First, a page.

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Tailhook Report Names Point Mugu Chief : Investigation: Defense Department study urges William Newman and 34 other admirals to rethink career goals. Newman says he wasn't at the party.


The commanding officer of the Point Mugu Naval Air Warfare Center is among the 35 Navy admirals who were named Friday in a Defense Department report on the Tailhook sexual harassment scandal and urged to rethink their career goals.

Although more than 46 younger officers could face courts-martial or lesser punishments for alleged sexual misconduct at the 1991 Tailhook Assn. convention, the report stopped short of recommending disciplinary action against the admirals and Marine Corps generals who also attended the three-day event.

Instead, the Defense Department's inspector general advised the senior officers "to consider the extent to which he bears some personal responsibility for what occurred there and how best he can serve the Navy and the Marine Corps in the future."

Rear Adm. William E. Newman, who took the helm at Point Mugu 2 1/2 years ago, said he left the October, 1991, Tailhook convention in Las Vegas the day before the infamous Saturday night party that has tarnished the Navy's reputation.

"If the Navy were to hang me for being there four hours on Friday morning in my white uniform to attend technical presentations, I would be rather surprised," he said. "I'm not hiding anything or ashamed of anything."

The 53-year-old rear admiral said he flew to Las Vegas on Friday morning on a Navy commuter plane and left after attending several lectures on naval aviation.

And while the Defense Department has accused some officers of covering up information about the scandal, Newman said he never even heard rumors of the sexual shenanigans reported to have occurred at the hotel Saturday night until much later.

"It was literally months before the information started filtering in," he said.

Newman, a Vietnam veteran and former leader of the Blue Angels Flight Demonstration Team, said he bears no personal responsibility for the incidents at the Tailhook convention and has no intention of resigning or altering his career plans.

"I'm still here to serve and I have been for 32 years and I look forward to continuing to serve as long as the Navy wants me," Newman said.

He said, however, that his promotion to a two-star rear admiral--announced in February, 1992--has been held up for more than a year because of investigations into the far-reaching scandal.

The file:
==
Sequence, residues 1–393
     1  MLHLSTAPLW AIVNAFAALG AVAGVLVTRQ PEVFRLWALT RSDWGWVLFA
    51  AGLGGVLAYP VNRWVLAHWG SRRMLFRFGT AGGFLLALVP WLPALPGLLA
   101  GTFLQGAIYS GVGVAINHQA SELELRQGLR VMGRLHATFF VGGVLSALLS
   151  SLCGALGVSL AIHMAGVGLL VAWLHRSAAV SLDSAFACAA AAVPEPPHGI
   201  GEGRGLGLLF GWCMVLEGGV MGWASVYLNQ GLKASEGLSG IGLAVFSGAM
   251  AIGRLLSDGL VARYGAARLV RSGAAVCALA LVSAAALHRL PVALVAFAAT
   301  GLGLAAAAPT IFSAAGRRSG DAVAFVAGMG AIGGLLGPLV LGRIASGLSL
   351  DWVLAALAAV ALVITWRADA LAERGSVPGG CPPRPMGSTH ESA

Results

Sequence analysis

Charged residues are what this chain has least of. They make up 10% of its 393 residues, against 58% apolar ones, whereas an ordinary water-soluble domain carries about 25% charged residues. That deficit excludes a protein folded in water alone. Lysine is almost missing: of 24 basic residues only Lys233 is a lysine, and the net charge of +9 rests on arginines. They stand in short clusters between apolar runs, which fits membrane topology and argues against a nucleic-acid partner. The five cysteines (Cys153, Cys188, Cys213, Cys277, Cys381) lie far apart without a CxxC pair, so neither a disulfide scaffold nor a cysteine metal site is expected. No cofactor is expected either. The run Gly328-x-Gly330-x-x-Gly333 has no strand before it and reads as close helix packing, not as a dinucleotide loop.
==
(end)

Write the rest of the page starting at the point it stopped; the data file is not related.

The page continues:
"In the U.S. Navy, there are hundreds of promotions and new-order moves put on hold," he said. "This Tailhook thing has got the Navy, and especially the aviation unit, ground to a halt."

Newman said he has yet to see the Pentagon report, and thus does not know if any of the other 140 Navy and Marine Corps officers named in the report are stationed at Point Mugu.

Fewer than a dozen officers from Point Mugu and about the same number from its sister base at China Lake--which Newman also oversees--were at the convention of about 4,000 aviators, he said.

The annual conventions are gatherings of members of the Tailhook Assn., a professional organization of retired and active Navy and Marine fliers and other military aviation boosters.

Newman emphasized that the Navy will conduct its own investigation of all officers named in the Pentagon report.

"The Department of Defense Inspector General does not have the authority to punish anybody in the Navy," he said. "That is an advisory body."

In defense of the Navy, Newman said that the alleged sexual misconduct at the Tailhook convention reflected a larger, societal problem of sexual harassment.

"I personally don't think that what went on at Tailhook is any different from what goes on in society," he said. "But the Navy is going to stand up and be accountable."

Since the Tailhook scandal erupted, the Navy has instituted a broad range of policy changes to discourage harassment, including establishing a toll-free number for employees to call to learn how to report incidents of sexual misconduct.

At Point Mugu, 6,000 civilian employees and Navy personnel attended a day-long training session last year on what constitutes sexual harassment and how employees can report it, base spokesman Alan Alpers said.

Perhaps as a result of such training, complaints about sexual harassment on base have dropped from 18 during the first three months of 1992 to 12 during the same period this year, he said.

Commander Tom Sullivan, a Navy pilot in a Point Mugu reserve unit, said that although he was not at the convention, he will be relieved when the scandal has blown over.

"It's obviously been hard for everyone," the Newbury Park resident said. "There's a lot of pride in the naval-aviation community. I think everyone is looking forward to an equitable and certainly a just conclusion to the whole thing."

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